Noting that “reports of a huge spike in cracked teeth have received national media attention in recent days,” USA Today (9/11, Shannon) said some dentists say they are seeing signs the coronavirus pandemic may be affecting oral health in additional ways, with some observing that they are treating more patients with inflamed gums and in need of treatment than before the pandemic. Part of the reason for an upward trend in oral health problems may stem from the pandemic’s “ripple effect – another example of how the pandemic has altered daily lives and led to unexpected health problems.” Before the pandemic, “your day had a rhythm to it,” Dr. Matthew Messina, a spokesperson for the ADA, told USA TODAY. When that rhythm is interrupted, it can be easy to forget “simple little things like oral hygiene.” Another reason may stem from patients delaying dental visits due to concerns about the coronavirus. “While they can’t eliminate all risk, dentists across the nation are taking steps to minimize the chances of spreading the coronavirus,” the article said.

        Concerning the uptick in fractured teeth that some dentists are observing amid the pandemic, Inside Edition (9/13) spoke with a dentist who “said the key is to reduce stress that causes the clenching and grinding, and one way to do is through exercise.” Wearing a mouth guard at night can also protect teeth, the dentist said.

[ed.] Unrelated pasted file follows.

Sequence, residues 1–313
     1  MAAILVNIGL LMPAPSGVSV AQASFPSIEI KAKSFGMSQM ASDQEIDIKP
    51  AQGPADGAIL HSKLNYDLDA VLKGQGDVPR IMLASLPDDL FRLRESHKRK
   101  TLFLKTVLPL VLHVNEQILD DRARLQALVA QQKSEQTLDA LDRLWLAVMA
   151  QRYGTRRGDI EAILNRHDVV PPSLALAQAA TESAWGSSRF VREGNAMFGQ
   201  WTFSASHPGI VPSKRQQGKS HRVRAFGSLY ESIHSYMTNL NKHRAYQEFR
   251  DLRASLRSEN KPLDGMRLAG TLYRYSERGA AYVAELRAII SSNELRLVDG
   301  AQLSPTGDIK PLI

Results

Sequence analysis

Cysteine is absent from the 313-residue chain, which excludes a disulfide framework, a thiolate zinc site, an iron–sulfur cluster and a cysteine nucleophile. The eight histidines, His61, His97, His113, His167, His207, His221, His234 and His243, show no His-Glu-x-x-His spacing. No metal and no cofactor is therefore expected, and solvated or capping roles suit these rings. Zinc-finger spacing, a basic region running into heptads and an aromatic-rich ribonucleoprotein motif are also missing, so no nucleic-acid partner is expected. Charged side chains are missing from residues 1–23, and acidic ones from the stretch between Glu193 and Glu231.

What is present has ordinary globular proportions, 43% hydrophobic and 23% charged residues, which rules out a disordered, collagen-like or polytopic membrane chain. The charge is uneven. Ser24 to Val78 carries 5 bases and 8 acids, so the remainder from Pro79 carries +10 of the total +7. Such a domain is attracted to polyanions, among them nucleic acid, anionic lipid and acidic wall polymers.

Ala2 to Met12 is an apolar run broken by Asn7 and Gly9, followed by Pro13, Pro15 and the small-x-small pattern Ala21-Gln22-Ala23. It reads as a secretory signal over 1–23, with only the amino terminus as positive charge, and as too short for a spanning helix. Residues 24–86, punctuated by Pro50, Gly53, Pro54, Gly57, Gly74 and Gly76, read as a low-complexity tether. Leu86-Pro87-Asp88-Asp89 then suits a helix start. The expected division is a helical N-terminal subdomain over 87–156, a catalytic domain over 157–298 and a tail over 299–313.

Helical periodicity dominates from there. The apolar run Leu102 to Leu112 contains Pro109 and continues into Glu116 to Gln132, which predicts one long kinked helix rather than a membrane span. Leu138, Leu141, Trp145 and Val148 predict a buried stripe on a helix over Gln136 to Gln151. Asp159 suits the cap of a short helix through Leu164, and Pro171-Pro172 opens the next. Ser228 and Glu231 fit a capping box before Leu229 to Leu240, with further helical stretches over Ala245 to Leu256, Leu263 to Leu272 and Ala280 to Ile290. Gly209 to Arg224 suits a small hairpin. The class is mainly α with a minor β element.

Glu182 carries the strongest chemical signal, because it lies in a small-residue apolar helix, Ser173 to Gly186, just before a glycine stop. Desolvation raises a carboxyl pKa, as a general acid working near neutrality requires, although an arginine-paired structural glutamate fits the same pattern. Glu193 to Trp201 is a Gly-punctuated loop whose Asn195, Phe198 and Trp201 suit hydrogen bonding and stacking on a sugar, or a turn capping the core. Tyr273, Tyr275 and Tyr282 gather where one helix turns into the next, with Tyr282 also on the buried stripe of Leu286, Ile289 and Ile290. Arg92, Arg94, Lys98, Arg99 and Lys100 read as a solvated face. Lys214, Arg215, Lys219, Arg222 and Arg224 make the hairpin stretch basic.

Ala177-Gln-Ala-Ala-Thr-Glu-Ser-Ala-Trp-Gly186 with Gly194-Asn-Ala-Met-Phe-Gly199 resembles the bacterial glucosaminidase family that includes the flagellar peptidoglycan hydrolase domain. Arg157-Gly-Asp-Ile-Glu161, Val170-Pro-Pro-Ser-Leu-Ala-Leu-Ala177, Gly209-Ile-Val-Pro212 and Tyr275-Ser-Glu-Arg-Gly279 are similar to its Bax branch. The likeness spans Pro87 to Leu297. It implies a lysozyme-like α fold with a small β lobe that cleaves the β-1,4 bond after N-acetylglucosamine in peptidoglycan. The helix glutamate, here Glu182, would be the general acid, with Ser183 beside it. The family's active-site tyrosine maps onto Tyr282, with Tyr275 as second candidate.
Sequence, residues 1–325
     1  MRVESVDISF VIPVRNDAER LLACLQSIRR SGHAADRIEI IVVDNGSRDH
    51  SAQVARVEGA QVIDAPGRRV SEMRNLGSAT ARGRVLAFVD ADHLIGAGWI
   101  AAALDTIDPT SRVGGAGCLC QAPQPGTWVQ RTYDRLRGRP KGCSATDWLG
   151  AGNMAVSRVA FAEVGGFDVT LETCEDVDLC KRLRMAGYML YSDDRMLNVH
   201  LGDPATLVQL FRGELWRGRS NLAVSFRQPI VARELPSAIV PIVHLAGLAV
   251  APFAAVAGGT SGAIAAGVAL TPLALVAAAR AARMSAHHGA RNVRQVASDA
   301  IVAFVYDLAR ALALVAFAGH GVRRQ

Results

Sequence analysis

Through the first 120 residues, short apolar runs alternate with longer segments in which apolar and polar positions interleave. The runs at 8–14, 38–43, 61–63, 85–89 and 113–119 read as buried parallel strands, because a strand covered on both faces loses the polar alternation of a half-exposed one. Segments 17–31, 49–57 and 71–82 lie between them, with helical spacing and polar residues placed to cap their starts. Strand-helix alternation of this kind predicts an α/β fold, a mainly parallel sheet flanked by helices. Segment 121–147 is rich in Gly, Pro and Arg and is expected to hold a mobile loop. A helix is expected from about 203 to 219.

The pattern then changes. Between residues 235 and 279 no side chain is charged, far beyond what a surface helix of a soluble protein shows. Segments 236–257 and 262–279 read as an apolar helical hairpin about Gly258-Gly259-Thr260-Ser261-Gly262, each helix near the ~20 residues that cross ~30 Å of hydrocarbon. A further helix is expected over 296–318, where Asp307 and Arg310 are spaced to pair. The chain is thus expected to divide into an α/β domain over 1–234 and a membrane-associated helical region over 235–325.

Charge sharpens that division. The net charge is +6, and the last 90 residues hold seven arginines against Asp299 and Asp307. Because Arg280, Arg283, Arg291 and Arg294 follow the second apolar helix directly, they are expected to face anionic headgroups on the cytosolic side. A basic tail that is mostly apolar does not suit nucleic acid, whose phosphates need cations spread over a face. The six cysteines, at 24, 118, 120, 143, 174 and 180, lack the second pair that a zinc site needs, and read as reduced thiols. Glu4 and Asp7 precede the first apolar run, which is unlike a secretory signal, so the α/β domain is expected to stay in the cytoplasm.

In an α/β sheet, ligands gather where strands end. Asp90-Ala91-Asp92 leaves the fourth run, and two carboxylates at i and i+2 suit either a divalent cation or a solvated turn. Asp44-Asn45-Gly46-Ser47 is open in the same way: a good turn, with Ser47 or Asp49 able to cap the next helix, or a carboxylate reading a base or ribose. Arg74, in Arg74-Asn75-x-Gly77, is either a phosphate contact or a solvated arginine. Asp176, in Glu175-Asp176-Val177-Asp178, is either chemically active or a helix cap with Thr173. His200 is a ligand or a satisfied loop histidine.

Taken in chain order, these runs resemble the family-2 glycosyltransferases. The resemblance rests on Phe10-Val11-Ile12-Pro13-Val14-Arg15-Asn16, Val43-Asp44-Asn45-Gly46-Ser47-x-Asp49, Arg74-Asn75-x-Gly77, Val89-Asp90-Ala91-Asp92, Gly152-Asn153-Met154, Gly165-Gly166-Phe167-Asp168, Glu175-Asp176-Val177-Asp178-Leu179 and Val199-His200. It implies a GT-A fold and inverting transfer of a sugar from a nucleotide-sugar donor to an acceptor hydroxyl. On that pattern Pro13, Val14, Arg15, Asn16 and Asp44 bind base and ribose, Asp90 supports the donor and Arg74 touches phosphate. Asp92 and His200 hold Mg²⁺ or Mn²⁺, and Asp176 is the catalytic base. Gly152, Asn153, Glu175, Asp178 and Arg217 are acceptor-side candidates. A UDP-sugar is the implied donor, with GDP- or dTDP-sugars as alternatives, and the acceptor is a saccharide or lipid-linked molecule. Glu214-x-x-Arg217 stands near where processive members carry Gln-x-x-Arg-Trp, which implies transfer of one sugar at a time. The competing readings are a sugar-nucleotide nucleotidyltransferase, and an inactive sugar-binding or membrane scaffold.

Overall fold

Writing in the Washington Post (9/11), journalist Emily Sohn shared her experience with a cracked tooth and filling, noting her dentist “says she has seen a surge in problems related to tooth-grinding and jaw-clenching” since the pandemic began. Sohn shared information on the potential causes of bruxism and some possible solutions.

        Dentists can refer patients to, ADA’s consumer website, for additional information on bruxism. In addition, the ADA Catalog offers the book Understanding Bruxism: Current Knowledge and Practice.

Dental Visits Listed Among Appointments People Should Prioritize Right Now


In a consumer-focused article, U.S. News & World Report (9/9, Howley) said, “The coronavirus pandemic that took hold this past spring upended normal life for just about everyone, and for many people, that meant delaying health care appointments.” Now that more is known about the virus and how it is transmitted and access to personal protective equipment has improved, the article stated that “health care providers from across the whole health care spectrum are urging patients to reschedule appointments that may have been canceled or postponed.” With this in mind, the article said “any routine appointment that has been put off should be rescheduled as soon as possible,” and dental visits are among “appointments that might take priority.”

Dental Care Is Rebounding